Sep 1, 2011
    Good DJ's actually get FAR more than that for a big wedding- $1500 is on the low-end. Typically they are probably $2000 and up.
  18. 20db pad

    20db pad

    Feb 11, 2003
    I been everywhere, man...
    None. At all.
    Those guys probably get around 10k ....
  19. JGbassman

    JGbassman Supporting Member

    May 31, 2011
    I have done many weddings with a full band and have had success in doing so. There is a difference in how it's approached and a trick we did was to "dj" between sets with canned music. It's always helpful to get a list of requests from the clients. It's good to learn some classics in all styles if you can pull it off. Turning down is a key as well. If you play classic rock then just load a computer with top 40 country hip hop and wedding classics and play them during your breaks. You can sell is as having a love band and a dj service in the same package. You can even mix it up and set up a karaoke system as well. This format has proven for me to work well and has made a good wage. You are offering entertainment at a reasonable price. A good show can include all above mentioned areas and be a hit. You can even take longer " breaks" while playing canned music. All are happy and you don't have to learn songs above the ability of the band as lost of top 40 is hard to reproduce without the right parts. Don't have a female lead? Play the requests during the "dj" portion of the show... Or be a love karaoke band and encore people up to sing a song and play behind them. The crowd will roar when uncle joe gets up to sing a classic Johnny cash song. Involve the people and let them be a part of the fun. After all weddings are family events and it's all about them having fun.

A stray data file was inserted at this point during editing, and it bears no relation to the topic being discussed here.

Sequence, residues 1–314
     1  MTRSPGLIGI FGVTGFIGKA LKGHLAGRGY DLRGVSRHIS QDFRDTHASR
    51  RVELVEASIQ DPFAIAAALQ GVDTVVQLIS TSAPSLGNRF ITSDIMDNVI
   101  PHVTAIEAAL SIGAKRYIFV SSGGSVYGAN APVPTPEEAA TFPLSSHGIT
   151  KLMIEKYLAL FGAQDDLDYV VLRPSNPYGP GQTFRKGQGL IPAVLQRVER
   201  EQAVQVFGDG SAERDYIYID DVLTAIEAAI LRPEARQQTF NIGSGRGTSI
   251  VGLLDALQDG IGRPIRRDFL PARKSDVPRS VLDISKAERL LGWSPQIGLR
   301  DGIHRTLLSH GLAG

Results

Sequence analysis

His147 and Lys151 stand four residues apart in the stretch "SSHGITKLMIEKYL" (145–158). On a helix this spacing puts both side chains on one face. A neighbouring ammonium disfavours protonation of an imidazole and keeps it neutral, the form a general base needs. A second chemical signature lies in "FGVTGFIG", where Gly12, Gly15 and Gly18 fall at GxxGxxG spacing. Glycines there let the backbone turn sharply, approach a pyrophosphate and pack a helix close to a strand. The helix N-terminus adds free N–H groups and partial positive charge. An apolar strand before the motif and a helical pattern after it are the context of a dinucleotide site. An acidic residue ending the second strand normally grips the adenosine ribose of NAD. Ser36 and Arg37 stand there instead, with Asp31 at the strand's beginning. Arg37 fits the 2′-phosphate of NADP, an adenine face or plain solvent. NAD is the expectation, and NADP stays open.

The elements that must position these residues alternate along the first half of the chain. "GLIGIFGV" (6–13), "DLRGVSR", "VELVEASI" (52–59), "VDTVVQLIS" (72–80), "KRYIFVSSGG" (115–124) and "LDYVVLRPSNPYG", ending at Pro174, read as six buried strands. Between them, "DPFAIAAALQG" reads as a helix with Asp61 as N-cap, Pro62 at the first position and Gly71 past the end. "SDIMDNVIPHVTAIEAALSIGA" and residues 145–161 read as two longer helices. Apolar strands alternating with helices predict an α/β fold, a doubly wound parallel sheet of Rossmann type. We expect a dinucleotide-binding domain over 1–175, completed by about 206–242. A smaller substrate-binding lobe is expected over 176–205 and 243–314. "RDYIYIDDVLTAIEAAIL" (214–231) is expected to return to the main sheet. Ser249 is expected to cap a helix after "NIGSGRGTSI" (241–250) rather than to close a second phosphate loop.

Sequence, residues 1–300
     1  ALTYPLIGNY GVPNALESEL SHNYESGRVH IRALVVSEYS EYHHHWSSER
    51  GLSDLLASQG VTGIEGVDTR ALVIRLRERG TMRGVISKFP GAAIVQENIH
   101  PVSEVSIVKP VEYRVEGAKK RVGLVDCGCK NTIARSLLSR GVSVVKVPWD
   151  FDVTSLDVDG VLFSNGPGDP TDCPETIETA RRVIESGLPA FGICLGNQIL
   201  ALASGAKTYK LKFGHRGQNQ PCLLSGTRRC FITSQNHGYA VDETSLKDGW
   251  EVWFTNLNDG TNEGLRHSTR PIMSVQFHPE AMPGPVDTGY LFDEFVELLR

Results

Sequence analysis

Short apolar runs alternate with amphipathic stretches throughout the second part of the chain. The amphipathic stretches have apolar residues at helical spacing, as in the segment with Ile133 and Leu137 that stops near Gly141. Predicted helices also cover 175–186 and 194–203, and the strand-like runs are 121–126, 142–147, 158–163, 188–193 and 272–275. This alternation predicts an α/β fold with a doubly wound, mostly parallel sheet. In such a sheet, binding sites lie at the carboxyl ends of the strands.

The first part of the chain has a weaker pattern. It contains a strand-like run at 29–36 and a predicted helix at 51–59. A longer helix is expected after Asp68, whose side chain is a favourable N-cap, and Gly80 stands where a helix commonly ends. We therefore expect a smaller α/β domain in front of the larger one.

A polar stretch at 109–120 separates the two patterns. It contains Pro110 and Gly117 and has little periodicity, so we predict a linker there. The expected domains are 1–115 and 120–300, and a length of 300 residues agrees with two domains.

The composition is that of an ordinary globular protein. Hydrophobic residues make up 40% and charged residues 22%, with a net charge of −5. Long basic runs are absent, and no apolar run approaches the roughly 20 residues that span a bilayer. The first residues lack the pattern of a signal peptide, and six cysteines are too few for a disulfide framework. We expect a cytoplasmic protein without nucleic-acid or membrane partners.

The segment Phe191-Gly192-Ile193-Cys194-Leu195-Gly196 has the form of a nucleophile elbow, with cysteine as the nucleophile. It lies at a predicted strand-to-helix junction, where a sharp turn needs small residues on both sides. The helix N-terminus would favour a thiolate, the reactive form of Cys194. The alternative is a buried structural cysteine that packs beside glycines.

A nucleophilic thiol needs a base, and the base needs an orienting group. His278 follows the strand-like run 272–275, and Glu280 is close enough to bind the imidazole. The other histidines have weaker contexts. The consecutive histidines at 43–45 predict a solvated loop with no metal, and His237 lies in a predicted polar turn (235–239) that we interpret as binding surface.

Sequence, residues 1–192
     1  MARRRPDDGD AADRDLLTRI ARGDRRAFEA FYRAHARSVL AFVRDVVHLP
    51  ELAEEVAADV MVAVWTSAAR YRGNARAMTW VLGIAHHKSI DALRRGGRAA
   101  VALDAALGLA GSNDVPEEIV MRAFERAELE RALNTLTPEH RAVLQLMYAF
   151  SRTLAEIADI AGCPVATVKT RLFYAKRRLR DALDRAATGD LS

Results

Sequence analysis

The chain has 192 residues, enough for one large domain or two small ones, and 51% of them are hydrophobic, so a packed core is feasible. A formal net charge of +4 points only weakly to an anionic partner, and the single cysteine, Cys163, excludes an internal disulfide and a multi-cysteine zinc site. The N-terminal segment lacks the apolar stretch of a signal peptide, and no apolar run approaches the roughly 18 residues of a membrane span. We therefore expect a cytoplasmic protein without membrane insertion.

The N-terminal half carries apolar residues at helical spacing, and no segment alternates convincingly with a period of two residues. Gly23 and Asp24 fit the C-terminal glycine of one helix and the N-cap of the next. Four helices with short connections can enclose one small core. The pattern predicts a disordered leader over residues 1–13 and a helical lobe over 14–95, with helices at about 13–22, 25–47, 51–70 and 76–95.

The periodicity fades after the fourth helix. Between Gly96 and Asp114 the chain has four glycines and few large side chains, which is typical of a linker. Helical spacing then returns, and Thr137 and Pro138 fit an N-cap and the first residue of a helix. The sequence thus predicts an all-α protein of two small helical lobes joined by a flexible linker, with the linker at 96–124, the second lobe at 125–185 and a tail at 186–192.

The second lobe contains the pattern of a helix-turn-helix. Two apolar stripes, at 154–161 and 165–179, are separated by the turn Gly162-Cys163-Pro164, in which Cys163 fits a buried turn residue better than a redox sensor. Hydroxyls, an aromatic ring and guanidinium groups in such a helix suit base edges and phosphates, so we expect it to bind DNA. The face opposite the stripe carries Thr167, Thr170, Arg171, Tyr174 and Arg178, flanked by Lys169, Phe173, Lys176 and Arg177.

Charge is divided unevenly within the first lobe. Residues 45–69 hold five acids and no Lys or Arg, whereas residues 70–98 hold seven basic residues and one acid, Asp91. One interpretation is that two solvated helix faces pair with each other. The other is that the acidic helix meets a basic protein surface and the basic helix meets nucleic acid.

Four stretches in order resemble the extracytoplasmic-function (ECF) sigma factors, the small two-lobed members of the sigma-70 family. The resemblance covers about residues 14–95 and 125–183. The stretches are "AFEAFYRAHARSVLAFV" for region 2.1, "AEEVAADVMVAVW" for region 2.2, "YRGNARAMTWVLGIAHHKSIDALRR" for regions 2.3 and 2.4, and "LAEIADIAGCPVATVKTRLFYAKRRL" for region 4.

20. JGbassman

    JGbassman Supporting Member

    May 31, 2011
    Sorry was typing this from a phone and word suggestion messed a lot of sentences up. Sorry and try to read through the glitches.